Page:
Virtual reality seen on tech sidelines in 2017

2017 will be the winter for VR: VC

Consumer virtual reality (VR) might have been a buzz phrase in the tech scene for most of 2016, but it has failed to gain traction from investors heading into the New Year, according to a venture capitalist.

"I think 2017 will be what we call the winter of VR … especially from an investment standpoint," said Phil Chen, managing partner at Presence Capital, a venture capital fund that focuses on virtual reality start-ups.

Overexposure could be part of the reason why the VR bubble has burst (for the moment). 2016 saw the retail launches of highly-anticipated VR headsets, including Sony's PlayStation VR headset, Facebook's Oculus Rift and the HTC Vive.

Chen told CNBC's "Squawkbox" that "2016 was the peak of what consumers expected of virtual reality. But (the) figures have come out (and) whether it's the high-end HTC Vive (and) Oculus or the mid-end PlayStation, the sales have been quite lukewarm and the experience has been underwhelming."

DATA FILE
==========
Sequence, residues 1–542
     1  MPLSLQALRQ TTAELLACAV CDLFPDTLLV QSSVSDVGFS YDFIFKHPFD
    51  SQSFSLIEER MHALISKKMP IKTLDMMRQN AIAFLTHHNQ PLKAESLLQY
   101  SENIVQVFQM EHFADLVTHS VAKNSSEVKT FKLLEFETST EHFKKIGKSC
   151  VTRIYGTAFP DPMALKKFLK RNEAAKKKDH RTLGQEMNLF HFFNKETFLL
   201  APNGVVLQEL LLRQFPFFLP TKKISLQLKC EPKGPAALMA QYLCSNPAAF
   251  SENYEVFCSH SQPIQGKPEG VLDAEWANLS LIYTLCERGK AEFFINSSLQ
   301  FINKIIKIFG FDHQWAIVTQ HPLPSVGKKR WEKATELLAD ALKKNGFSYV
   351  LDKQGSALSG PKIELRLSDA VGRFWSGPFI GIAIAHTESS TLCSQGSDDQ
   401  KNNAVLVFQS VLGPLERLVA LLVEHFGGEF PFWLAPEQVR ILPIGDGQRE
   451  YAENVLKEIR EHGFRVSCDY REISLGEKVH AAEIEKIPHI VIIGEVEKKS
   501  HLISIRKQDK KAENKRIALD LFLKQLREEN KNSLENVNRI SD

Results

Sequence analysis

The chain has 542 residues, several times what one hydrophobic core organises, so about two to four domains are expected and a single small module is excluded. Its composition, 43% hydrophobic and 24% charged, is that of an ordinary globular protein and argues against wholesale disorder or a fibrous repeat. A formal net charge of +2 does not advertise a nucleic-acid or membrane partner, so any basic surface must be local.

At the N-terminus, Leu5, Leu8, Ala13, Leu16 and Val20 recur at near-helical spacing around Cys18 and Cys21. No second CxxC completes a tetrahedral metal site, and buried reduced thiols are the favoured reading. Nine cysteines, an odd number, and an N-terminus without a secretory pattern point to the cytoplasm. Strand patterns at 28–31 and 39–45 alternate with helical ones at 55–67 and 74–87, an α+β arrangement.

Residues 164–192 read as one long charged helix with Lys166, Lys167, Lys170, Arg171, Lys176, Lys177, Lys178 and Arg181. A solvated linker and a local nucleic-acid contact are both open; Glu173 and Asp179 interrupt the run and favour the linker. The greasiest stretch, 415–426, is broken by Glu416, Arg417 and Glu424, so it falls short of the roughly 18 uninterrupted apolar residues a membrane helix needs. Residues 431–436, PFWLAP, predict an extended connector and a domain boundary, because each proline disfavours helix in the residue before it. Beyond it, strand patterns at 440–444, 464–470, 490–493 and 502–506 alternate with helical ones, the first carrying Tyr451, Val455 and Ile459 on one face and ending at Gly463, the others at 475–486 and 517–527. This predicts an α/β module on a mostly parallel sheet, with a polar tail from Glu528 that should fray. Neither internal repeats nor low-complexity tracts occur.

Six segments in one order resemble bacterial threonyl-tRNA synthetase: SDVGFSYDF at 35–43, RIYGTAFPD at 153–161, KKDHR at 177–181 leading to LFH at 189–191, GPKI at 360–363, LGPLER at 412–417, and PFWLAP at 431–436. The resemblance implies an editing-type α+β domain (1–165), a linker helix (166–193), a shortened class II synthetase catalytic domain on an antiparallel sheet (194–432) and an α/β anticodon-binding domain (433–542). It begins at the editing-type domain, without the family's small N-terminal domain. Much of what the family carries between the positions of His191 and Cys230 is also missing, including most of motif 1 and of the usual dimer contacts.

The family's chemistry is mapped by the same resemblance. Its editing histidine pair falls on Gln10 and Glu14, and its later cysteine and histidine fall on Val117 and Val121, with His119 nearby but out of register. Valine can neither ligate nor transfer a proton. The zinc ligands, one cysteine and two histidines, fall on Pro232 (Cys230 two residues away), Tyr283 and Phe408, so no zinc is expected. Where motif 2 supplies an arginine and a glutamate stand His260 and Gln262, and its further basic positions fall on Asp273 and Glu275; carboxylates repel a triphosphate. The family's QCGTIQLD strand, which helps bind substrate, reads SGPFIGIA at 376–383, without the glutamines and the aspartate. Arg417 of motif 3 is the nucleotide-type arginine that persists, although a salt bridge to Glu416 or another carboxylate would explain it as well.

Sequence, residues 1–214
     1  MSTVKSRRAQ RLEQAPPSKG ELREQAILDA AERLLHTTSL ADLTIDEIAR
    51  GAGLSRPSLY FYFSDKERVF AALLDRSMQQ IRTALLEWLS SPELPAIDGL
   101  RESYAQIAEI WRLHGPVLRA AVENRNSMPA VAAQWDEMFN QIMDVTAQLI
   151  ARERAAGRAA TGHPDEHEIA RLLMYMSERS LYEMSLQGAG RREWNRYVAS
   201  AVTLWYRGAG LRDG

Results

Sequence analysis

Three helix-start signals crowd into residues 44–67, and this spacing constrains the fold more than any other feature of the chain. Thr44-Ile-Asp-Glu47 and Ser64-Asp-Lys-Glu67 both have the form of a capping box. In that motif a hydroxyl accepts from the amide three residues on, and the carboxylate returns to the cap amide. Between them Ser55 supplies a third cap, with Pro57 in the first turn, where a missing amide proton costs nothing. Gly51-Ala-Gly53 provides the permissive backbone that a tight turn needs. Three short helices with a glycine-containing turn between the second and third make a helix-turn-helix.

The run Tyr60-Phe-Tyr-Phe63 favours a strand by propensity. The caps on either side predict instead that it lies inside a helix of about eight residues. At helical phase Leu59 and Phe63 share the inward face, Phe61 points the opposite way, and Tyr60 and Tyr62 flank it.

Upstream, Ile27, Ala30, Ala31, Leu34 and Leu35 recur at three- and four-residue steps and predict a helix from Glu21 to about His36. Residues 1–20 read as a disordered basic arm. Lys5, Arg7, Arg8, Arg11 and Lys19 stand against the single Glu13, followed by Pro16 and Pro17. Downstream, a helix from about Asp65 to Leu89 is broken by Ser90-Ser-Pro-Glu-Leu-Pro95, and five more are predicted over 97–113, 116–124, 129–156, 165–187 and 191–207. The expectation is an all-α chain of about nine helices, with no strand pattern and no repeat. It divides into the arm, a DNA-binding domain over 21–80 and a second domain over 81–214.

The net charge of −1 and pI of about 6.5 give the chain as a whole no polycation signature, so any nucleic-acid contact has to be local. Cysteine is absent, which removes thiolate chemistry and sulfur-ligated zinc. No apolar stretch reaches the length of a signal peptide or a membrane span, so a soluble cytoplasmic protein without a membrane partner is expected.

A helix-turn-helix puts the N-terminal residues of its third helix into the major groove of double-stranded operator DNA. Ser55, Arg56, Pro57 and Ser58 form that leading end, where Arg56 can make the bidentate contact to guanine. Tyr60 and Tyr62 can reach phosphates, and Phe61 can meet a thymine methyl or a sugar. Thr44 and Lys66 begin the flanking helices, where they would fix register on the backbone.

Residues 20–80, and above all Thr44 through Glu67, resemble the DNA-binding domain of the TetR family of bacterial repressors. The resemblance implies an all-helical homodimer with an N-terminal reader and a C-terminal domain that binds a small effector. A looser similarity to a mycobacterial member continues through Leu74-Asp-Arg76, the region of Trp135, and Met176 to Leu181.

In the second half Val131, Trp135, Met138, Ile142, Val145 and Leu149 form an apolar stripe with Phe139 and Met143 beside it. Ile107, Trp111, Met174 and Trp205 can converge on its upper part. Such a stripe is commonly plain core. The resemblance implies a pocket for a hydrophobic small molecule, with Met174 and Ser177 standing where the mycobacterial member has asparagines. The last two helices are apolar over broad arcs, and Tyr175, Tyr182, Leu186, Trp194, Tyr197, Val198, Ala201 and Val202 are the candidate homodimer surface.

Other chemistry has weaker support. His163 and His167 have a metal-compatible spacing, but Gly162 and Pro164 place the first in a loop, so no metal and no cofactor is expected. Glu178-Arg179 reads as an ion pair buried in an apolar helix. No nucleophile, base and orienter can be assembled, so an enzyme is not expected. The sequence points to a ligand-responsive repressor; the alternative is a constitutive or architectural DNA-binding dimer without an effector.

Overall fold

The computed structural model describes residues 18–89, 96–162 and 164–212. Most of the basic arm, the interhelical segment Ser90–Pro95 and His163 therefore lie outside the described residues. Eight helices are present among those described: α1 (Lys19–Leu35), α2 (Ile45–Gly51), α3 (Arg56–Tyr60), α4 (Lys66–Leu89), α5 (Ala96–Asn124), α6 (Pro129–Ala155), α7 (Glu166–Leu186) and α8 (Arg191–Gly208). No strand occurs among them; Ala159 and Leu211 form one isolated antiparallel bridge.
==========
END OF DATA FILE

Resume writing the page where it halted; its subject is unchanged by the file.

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Another reason? Price points. The HTC Vive, Oculus Rift and Sony PlayStation VR headsets cost $799, $599 and $549 respectively.

In addition, plenty of VR headsets require users to buy top-end PCs to support the high-speed specifications that VR requires. These desktops can cost anywhere between $799 to more than $2,500.

"The set-up process is quite tedious … and the PC is just not as accessible as people (think)," Chen said. "I always compare virtual reality right now with the console business simply because it is still largely a gaming platform. It is far from becoming mass (market)."

Meanwhile, more affordable mobile VR platforms which are more accessible to users tend to provide a "compromised" experience, Chen added.

"There's this play between a lot of volume and distribution on mobile but the experience is not there, and on the high-end, you have incredible experience but … it is not readily accessible," Chen said.

Chen said that four-to-five technologies need to converge in order for VR to succeed in the mass market, including adjustments to the weight of VR headsets and opposition tracking (referring to laser positions that track the headset and head movement) availability on mobile.

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